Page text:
"Hey, I wasn't through in there," I laughingly say.

"You snooze, you lose. I won't be long. Just a quick shower," she says as she closes the door. 

I roll my eyes and look at the time. It's late and I decide just to go to bed. We both have an early morning breakfast meet and greet. I look at the bathroom door, quickly take off my jeans, and get into my bed. I'll just to take a shower tomorrow morning. 

I reach over and turn off the lamp next to my bed and try to fall asleep as I hear Heather singing. Wait, what? Is that the Spice Girls? Who knew, stuffed animals, 90's music lover, but definitely can't hold a tune.

I smile as I close my eyes and find myself singing..."tell you what I want, what I really, really, want..." 

Tuesday, September 13, 2016



thick juicy green
fades to whispering wildfire
and falls

the sun shifts
spilling cold diamonds 
across slow water

a scrawny yellow bird
watches the yard
from atop the feeder

I love autumn. While many people see it as an ending, I see it as the first step toward a new beginning. The plants and animals prepare themselves for a season of dormancy. They shed the unnecessary and go deep, protecting themselves from the inevitable challenges of winter and reading themselves to welcome a new season of birth and growth. I find inspiration and courage in autumn. I, too, can gather what I need, let go of what I don't, and look forward with determination.

Sunday, September 11, 2016

Those Pesky Words: Is It This Word or That One?

Lan Lee at MCC
I was writing a sentence and it happened again. Ugh, one of those words. You know what I'm talking about. Those words that mean sort of the same thing but don't. 

Let's take lesser or fewer. These two words may be the most common duo of words incorrectly used, and not just by writers everywhere but grocery stores and big chain retail stores as well. How many of us have been shopping and didn't realize a certain sign was wrong? Which one of these signs is correct?

Many of you, especially this writer, would have chosen the sign containing the word less, because it's what we've seen for so many years growing up, and even still today. But the correct sign would be the sign containing the word fewer. How many times have you heard someone say that? Recalling memories of conversation with people, I have never heard anyone say 10 items or fewer, it has always been 10 items or less. So, here's the rule: use fewer for the things you can count and lesser, for things you can't.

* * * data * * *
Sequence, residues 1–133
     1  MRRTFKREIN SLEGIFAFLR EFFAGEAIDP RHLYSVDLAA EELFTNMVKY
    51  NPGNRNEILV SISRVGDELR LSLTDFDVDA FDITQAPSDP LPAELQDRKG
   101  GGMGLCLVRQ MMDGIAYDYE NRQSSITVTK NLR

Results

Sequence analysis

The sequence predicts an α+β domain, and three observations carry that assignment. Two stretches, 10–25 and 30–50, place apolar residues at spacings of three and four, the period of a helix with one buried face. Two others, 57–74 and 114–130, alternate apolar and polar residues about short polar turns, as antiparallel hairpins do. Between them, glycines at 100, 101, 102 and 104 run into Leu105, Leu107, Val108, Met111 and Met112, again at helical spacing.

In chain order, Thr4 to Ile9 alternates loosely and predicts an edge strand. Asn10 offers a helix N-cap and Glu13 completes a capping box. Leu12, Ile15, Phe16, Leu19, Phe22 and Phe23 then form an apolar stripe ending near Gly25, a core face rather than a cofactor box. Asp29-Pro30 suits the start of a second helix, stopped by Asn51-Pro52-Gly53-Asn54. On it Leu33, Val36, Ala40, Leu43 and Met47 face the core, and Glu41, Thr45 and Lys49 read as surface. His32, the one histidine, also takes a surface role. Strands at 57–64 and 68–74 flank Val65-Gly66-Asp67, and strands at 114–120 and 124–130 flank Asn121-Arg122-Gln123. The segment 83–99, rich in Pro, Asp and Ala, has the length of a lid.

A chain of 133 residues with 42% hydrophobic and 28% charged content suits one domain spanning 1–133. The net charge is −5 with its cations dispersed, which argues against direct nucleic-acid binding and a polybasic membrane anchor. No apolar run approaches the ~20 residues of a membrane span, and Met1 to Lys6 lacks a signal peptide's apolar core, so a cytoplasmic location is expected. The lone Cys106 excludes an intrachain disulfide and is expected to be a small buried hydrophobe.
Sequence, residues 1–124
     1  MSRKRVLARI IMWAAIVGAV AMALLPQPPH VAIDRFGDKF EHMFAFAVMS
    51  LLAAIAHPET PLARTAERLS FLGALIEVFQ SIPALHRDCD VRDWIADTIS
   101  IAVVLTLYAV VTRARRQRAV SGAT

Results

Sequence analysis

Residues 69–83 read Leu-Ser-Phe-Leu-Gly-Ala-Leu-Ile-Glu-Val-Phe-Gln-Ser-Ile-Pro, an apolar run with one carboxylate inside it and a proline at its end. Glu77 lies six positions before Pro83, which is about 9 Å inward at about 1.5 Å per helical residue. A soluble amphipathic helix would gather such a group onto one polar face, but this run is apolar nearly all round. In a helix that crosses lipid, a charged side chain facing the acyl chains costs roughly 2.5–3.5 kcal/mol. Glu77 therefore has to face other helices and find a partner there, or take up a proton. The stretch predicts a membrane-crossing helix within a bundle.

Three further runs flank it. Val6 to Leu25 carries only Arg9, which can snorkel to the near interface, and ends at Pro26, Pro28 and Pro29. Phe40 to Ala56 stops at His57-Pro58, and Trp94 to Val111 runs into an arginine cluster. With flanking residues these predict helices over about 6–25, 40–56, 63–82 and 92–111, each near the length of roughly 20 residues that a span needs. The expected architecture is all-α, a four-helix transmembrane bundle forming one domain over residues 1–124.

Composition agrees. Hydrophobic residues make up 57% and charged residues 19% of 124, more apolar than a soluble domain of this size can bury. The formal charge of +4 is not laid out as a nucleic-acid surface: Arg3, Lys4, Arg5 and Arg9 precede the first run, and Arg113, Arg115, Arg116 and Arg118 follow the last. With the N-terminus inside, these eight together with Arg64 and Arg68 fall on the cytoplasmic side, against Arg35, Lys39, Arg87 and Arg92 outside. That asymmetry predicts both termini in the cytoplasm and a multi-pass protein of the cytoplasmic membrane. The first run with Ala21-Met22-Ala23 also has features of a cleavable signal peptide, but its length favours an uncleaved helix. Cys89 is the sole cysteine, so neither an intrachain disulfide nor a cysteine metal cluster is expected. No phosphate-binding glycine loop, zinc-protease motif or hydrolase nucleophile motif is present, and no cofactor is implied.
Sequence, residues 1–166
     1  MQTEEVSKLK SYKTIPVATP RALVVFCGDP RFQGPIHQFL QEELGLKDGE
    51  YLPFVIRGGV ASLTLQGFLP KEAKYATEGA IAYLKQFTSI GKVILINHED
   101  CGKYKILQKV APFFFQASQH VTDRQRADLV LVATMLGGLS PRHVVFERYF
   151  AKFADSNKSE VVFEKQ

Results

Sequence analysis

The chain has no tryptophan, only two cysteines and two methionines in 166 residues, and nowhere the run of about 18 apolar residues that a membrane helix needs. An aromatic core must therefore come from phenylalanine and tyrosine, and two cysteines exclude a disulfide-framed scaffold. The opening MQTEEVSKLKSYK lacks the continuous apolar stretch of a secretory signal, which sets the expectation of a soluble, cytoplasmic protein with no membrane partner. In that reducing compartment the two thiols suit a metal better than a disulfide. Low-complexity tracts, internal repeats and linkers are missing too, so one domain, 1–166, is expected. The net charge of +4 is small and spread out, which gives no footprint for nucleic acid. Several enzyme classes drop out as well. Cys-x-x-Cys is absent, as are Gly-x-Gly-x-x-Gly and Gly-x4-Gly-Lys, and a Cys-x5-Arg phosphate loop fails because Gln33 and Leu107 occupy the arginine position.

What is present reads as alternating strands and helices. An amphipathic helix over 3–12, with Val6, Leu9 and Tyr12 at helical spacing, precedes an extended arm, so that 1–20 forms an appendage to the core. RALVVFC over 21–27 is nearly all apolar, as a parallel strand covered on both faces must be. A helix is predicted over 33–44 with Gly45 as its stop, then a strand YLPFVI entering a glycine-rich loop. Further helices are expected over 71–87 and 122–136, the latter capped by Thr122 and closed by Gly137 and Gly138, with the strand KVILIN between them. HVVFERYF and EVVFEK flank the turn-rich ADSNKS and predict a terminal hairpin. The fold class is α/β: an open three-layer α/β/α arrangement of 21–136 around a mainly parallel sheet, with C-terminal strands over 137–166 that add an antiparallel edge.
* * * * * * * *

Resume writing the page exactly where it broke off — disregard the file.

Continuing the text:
For instance:      
fewer cars        less exhaust
fewer people      less drama
Moving on, let us look at the words farther or further. I myself have questioned which is the proper word usage in a particular sentence. They are the reason for this blog. These two words are similar in rule. Use farther for physical distance. For figurative and nonphysical distance use further.
Here are some examples:
The farther I drive the  further my pain is left behind.
The further I practice, the farther my kick will go.
Bottom line, The word farther is used for physical distance and all other distances, use further.
Another set of words, that cause me to think twice is who or whom. They are both pronouns but identify with different parts of a sentence. For those of you who can remember the correct usage, kudos. For those of us who cannot, here is the rule and some examples:
Who/whom wrote this blog?
She/he wrote this blog, who is correct.
Who/whom should I take to the dance?
Should I take him/her to the dance, whom is correct.
The rule: the word who refers to the subject of the sentence and the whom refers to the object of the sentence. 
Here is a quick reference to remember:
who = subject    whom = object
who = he/she     whom = him/her
If you can replace the word who with he or she, use who, if you can replace the word whom with him or her use whom.
The most difficult for me, personally are the words affect and effect. The rule for the most part is: affect as a verb, is used to influence and effect as a noun, is used to impact or to change, but as you well know there are exceptions to the rule. Here are some examples:
My anger affected my feelings toward you. The effect was you broke your arm when I pushed you down the stairs. (Remember, this is just an example. I would never push anyone down stairs.;])
The possibility of you having poor grammer can affect your reader. Hopefully this blog will have a positive effect on your grammer.